Marilyn Williams Named Outstanding Volunteer of the Year – Jamaica
Marilyn Williams Makes a Difference in the Life of Cancer Patients in Jamaica
KINGSTON, Jamaica – Marilyn Williams fought back the tears when she was told she was the Outstanding Volunteer of the Year, an award that was bestowed recently on her by the Council of Voluntary Social Services (CVSS).
“I was so elated, I jumped for joy. I felt so honoured that someone would recognize the work I do and would also want to reward me for something I do enjoy doing,” she said, while noting that the greatest joy she experiences is when the person she helps, appreciates it.
Mrs. Williams has been a volunteer with the Jamaica Cancer Society (JCS), St. Ann and St. Mary branch since its inception in July 2005.
Through her hard work and dedication the office located in Ocho Rios, expanded from a small dwelling to a fully functioning office serving most, if not all of the communities in St Ann and St Mary.
Described as a caring and loving person, attributes which she extends to all of her cancer patients, Mrs. Williams is committed to counseling persons before and after surgery. She plays the role of counselor, doctor, mother and friend to all the women and men who visit the JCS in Ocho Rios.
Mrs. Williams also started a Survivors’ Club for those who are fighting the disease. That club is now over 100 strong, providing information and creating linkages between survivors.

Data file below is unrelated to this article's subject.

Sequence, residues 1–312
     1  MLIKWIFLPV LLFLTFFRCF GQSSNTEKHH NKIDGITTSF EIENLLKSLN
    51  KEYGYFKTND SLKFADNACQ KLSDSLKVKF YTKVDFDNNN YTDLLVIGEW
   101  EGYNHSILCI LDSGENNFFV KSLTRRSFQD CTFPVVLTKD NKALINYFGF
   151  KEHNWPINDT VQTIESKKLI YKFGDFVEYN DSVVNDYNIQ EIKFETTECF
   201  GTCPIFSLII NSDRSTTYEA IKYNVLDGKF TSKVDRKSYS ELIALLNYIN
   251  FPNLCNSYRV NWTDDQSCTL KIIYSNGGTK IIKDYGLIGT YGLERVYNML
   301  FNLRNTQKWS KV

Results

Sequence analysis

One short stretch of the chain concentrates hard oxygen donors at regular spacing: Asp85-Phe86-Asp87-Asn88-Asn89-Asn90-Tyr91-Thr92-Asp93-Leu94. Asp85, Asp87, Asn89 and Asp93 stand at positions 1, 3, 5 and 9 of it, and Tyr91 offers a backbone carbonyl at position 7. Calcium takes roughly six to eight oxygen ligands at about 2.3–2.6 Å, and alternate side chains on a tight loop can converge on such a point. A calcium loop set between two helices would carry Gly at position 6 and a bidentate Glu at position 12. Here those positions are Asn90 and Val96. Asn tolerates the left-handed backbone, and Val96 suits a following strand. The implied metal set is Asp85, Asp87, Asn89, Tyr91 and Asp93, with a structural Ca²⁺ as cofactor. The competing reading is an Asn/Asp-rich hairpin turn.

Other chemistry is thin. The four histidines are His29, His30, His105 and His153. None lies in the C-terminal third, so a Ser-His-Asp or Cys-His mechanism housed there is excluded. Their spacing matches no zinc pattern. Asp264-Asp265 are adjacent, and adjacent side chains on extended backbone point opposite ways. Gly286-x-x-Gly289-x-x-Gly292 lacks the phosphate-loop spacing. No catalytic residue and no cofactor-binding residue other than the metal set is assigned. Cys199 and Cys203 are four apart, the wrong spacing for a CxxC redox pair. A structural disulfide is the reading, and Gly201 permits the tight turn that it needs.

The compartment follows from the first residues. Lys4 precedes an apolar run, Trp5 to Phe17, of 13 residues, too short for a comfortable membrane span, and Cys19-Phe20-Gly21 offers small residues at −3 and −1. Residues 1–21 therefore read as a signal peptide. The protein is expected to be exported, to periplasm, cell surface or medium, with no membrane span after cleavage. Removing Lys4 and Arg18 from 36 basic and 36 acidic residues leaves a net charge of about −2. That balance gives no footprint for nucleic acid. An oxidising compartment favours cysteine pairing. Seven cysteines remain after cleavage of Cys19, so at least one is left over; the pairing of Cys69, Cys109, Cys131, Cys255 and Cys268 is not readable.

She has organized the annual fundraiser Relay for Life, which is held at Turtle River Park in Ocho Rios, for the past 13 years.
The annual fundraising event raises funds to continue the very important work of educating, assisting and counseling those persons who have been diagnosed with cancer.
Initially she became actively involved in voluntarism back when she lived in the United Kingdom when her grandson was diagnosed with sickle cell anemia, a disease that affects the hemoglobin.
“My grandson, who was born in 1992, had full blown sickle cell anemia and I ended up volunteering to help him and other children, who were afflicted with the disease,” she said, adding that her assistance included, raising funds to assist with medical expenses.
Upon returning to Jamaica in 2004, the Trelawny-born Mrs. Williams, who retired from years of service in the general post office segued into assisting the Jamaica Cancer Society Branch in St. Ann.
She pointed out that she was adept at organizing events to raise funds to help the less fortunate, so volunteering with the Jamaica Cancer Society was a natural transition.
“I am a people person and I don’t like to see people suffer so I help where I can. I enjoy that kind of thing,” she said. “You know you are giving back to the community. Even if it is just sitting and listening to them, it makes a big difference.”
Her work with the JCS has been impactful in that, the surrounding communities have become more aware of the need to get the requisite tests done as well as the various options regarding treatment when diagnosed.
Evidence of this lies in the exponential growth in the number of women and men coming forward to have the tests done, which not only increases the chances of early detection but, also allows for a higher rate of survival. Many also gain confidence that a diagnosis of cancer is not necessarily a death sentence and have in turn, shared this with others.
Mrs. Williams’ initiative to support children diagnosed with cancer has led her to partner with the Ocho Rios Optimist Club with increasingly good results. Such as, the work of the JCS has become more widespread and volunteerism has increased.
The inclusion of volunteers in particular, has made an amazing difference in the two parishes the JCS serves.
Her advice to volunteers is: “You get this really awesome and wonderful feeling when you do so. If you can give back and volunteer, it is a good thing,” she said.